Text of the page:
Dr. Choi: We definitely want to create optimal curricula. That's one thing. The second thing is we really hope to foster strong internship opportunities for our students. And since we will be bringing a good number of agencies working together, our students can expect to be familiar with both the work and working opportunities after the completion of our program here. Fully developed internship programs in the classic sense will be developed later on, but right now what we know is that we will be partnering with key stakeholders who can really assist us to help develop important educational content, and connect people with prospective future employers.

Credentials matter, so students who successfully complete the DOJ/BJA pilot program will receive a special, government-backed certificate recognizing their significant contribution. Additionally, we plan to create a “cybercrime expert steering committee,” to assist not only in refining the curricula but also to assist our students in their search for potential internships, co-op opportunities, and government jobs in the area of computer forensics and cybercrime investigation.

We plan on maintaining the program after the grant period concludes, and to launch a website to promote the program while seeking to introduce internships, co-ops, and other job opportunities.

MET has had a distinguished record with information security programs, and was instrumental in BU’s designation as a Center of Academic Excellence in Information Assurance Education and Research. How have MET’s programs in cybersecurity evolved to keep ahead of huge and rapid changes in cybercrime?
Dr. Chitkushev: With us, this new digital investigation opportunity fits in with a long tradition. In 2004, it was Dean Tanya Zlateva who had the vision to lead the founding of the RISCS, giving Boston University its footing in data and cybersecurity. She was, at the time, chair of the Metropolitan College Department of Computer Science, and her interdisciplinary expertise made her a logical choice to lead as the RISCS center’s founding director, while I became the associate director for academic programs and industry relations. Today, the RISCS center is directed by Professor Ran Canetti, and Dean Zlateva serves as the RISCS director for Education. The Center draws on the expertise of 22 faculty and over 100 graduate students from the College of Arts and Sciences, the College of Engineering, and Questrom School of Business. But it was MET computer science that 15 years ago first led the integration of all these information security and assurance efforts at BU.

At the same time, Dr. Choi has worked on establishing the CIC program here at Boston University for decades. So, the work our students and faculty will do in digital forensics and investigation thanks to this BJA grant is the perfect way to build on our legacy in security.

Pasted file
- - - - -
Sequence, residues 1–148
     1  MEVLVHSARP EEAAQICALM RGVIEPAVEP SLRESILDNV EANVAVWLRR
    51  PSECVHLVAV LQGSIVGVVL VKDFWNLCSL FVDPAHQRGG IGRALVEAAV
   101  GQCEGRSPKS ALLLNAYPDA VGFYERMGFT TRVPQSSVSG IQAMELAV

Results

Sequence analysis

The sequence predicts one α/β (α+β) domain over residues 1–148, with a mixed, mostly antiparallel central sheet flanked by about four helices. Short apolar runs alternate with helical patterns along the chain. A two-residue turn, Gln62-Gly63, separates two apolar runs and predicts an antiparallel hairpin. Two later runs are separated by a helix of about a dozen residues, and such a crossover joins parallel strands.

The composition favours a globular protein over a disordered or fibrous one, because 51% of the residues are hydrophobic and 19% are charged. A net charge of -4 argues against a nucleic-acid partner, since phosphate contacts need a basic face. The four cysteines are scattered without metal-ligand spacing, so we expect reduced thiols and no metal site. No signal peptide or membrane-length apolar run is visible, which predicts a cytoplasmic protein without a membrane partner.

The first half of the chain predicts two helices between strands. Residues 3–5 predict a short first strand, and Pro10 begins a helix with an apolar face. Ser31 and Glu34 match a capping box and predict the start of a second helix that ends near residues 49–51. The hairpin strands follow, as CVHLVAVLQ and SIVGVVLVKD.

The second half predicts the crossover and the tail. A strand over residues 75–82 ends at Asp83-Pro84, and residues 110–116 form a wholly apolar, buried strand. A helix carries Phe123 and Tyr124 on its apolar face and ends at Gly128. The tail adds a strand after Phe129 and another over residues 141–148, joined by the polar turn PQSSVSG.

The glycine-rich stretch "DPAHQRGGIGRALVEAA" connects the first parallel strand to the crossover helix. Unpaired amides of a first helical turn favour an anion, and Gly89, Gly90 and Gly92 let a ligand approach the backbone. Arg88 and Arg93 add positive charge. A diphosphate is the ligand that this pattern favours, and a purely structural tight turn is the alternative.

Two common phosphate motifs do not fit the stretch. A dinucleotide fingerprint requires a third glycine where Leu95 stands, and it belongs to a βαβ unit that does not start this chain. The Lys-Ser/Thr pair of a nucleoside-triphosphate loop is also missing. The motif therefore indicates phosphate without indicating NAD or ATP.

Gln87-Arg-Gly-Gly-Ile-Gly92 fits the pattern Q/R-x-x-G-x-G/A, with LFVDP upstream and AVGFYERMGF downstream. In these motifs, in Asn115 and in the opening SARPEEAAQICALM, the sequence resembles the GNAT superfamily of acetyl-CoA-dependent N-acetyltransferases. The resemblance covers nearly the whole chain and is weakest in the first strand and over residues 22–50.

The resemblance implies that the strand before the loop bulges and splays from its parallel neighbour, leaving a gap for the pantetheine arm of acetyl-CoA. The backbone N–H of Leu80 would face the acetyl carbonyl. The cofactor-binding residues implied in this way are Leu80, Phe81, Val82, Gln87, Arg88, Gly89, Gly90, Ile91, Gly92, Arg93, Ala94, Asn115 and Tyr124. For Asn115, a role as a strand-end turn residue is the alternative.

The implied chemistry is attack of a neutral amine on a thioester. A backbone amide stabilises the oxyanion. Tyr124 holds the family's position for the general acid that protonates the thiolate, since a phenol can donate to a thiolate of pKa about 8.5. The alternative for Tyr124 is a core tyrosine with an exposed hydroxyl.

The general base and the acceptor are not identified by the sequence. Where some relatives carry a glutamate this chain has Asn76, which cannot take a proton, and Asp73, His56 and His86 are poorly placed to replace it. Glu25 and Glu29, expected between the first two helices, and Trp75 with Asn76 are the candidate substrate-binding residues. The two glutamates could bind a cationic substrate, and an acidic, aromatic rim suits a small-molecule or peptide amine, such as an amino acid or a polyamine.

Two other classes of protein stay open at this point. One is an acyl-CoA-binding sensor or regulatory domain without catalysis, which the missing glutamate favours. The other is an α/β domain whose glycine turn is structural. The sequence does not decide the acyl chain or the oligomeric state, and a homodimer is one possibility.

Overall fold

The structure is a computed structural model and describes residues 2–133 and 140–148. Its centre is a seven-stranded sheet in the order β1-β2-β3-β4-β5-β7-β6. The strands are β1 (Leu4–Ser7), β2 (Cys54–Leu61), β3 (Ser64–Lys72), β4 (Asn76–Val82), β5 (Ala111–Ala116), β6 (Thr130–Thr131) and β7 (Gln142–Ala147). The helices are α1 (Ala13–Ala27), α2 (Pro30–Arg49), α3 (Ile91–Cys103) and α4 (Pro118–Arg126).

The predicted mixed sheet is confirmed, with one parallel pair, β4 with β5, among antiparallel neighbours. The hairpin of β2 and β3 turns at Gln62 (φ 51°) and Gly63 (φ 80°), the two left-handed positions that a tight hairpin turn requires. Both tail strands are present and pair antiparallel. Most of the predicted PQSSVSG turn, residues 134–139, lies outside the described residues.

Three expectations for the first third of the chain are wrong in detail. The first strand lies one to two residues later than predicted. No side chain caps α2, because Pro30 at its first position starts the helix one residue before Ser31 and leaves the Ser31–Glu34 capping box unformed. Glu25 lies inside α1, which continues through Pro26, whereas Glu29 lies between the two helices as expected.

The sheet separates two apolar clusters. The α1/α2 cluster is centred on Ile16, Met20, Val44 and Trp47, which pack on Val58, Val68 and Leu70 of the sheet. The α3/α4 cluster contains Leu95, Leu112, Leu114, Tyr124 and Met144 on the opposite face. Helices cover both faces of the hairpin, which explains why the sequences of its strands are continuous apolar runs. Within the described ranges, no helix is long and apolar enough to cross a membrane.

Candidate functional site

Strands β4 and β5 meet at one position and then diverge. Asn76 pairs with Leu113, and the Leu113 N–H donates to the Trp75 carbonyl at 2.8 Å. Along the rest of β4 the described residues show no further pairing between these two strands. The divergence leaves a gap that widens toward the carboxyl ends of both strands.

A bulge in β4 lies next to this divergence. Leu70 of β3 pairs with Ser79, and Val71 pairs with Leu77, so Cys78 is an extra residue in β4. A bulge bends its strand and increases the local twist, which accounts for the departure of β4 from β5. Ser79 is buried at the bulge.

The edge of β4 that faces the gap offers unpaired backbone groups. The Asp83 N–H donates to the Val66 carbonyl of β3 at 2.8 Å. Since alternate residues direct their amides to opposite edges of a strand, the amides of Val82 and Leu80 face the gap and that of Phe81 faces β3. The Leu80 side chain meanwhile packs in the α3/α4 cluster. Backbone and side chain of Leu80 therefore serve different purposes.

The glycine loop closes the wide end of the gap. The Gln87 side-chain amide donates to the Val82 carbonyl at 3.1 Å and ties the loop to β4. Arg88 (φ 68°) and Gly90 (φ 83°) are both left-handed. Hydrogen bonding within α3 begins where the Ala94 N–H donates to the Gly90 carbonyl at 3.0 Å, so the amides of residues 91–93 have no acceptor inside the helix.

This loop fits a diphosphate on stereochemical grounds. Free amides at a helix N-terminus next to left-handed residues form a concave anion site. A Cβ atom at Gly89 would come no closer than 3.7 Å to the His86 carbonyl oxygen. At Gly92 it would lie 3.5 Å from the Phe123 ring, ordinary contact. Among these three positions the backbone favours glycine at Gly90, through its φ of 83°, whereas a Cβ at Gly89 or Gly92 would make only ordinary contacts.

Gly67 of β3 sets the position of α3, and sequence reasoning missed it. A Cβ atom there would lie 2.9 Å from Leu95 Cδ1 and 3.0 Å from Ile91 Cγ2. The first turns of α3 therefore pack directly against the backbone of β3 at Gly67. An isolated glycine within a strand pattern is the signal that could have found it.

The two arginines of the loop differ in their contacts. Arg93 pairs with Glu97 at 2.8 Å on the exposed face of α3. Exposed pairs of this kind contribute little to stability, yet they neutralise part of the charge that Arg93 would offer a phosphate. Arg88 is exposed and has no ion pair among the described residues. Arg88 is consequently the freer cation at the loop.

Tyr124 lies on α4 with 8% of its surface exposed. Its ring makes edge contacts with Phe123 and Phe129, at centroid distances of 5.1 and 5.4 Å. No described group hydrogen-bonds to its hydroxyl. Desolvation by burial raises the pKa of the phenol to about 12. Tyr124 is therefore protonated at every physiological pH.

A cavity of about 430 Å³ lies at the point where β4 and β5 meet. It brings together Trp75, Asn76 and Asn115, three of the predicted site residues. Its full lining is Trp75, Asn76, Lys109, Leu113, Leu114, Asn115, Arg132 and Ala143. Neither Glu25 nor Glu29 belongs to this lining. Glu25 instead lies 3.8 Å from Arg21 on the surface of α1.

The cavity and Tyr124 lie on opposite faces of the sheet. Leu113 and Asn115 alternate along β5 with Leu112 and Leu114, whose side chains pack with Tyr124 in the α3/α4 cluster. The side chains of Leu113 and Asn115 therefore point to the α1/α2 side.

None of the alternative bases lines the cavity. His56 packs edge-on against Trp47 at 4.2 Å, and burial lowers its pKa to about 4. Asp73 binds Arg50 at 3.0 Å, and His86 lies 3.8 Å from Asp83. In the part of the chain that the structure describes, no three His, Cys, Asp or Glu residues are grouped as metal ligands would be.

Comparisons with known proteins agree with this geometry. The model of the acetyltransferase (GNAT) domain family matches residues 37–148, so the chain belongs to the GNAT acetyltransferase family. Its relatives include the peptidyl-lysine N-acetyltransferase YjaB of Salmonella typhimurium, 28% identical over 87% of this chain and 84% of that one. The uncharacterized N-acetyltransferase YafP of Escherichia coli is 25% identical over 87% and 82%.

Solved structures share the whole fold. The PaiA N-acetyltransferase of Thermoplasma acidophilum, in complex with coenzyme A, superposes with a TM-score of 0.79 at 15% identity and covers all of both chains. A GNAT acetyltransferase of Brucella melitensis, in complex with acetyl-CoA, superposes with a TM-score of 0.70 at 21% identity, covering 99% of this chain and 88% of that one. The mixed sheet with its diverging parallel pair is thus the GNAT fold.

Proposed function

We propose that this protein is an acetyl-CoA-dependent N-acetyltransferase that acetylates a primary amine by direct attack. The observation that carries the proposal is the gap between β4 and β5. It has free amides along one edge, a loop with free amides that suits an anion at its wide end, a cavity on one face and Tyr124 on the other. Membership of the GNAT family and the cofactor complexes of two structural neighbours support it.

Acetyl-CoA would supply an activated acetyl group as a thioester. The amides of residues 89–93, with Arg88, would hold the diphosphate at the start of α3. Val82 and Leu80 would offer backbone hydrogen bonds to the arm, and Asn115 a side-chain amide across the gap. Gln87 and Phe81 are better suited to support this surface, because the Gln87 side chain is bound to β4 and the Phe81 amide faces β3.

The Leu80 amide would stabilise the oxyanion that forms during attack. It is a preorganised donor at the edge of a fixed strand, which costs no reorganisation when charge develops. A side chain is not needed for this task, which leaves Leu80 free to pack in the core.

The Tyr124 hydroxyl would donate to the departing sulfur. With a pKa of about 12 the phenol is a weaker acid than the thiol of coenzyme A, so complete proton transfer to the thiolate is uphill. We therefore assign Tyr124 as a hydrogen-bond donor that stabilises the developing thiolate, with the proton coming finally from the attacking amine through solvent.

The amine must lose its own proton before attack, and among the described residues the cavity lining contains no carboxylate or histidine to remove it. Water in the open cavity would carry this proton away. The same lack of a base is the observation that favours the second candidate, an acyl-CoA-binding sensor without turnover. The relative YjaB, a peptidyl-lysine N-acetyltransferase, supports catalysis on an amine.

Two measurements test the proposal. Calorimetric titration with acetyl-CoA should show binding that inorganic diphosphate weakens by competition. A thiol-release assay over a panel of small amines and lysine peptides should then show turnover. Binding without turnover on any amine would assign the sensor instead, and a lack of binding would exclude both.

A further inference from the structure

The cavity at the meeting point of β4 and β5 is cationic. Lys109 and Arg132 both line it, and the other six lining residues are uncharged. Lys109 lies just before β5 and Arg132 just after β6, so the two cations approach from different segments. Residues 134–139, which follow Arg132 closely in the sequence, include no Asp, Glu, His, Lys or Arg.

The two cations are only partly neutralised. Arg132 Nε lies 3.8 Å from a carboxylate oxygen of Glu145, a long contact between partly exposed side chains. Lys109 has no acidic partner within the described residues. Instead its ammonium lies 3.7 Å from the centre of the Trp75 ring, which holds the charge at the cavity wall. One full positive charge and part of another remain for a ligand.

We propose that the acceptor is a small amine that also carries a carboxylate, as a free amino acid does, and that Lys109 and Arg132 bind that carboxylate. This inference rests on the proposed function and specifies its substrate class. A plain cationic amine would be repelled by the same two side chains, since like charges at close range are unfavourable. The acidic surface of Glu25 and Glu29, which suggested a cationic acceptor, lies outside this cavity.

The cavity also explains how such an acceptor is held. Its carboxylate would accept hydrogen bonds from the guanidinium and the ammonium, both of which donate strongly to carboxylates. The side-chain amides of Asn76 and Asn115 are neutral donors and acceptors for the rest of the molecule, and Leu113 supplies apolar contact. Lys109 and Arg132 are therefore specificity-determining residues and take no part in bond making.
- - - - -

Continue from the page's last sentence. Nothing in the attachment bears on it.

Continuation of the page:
This project is bigger than updating a program at a college. Consider the bigger context—there is a fundamental lack of collaboration between enforcement agencies and academia in general. We simply don't get enough experts in this field. It's very competitive globally, and the United States is not competitive enough. We don't have enough experts, compared to the other countries who have government-organized teams working on cyberattacks, cybersecurity, and cyber-hacking. So, it's of great importance that we in the US develop this expertise. That was also the motivation in 2004, when RISCS was founded, when the Department of Homeland Security wanted to integrate with universities and create centers for information security education and research, to encourage universities and students to focus on graduating more experts in the field.

In the globally connected world, cyber-warfare and cyberterrorism have become reality, so we need more graduates who have a solid background in cybersecurity, excellent understanding of cyber-technology, and the appropriate amount of hands-on experience with its implementation. Results of our DOJ-supported research study should provide insight and guidance on how that goal can be achieved in the most efficient and scalable way, and in coordination with local, state, and federal law enforcement agencies.

Center for Cybercrime Investigation
and Cybersecurity

Director : Kyung-shick Choi
Main Office : 46 Warren Ave, Milton, MA 02186

Training Center : 30 JFK Street (3rd Floor), Cambridge, MA 02138

TEL :  617-358-2807  |  FAX : 617-358-3595
EMAIL : admin@centercicboston.org


Copyright 2018 Center for CIC | Resource Guide for Global Cybersecurity Research & Training | All Rights Reserved |
Privacy at Center for CIC

CONTACT US

admin@centercicboston.org

Center for Cybercrime Investigation and Cybersecurity

Director : Kyung-shick Choi  |  Main Office : 46 Warren Ave, Milton, MA 02186
Training Center : 30 JFK Street (3rd Floor), Cambridge, MA 02138

TEL :  617-358-2807  |  FAX : 617-358-3595  |  EMAIL : admin@centercicboston.org


Copyright 2018 Center for CIC  | Resource Guide for Global Cybersecurity Research & Training | All Rights Reserved
Privacy at Center for CIC

CONTACT US

admin@centercicboston.org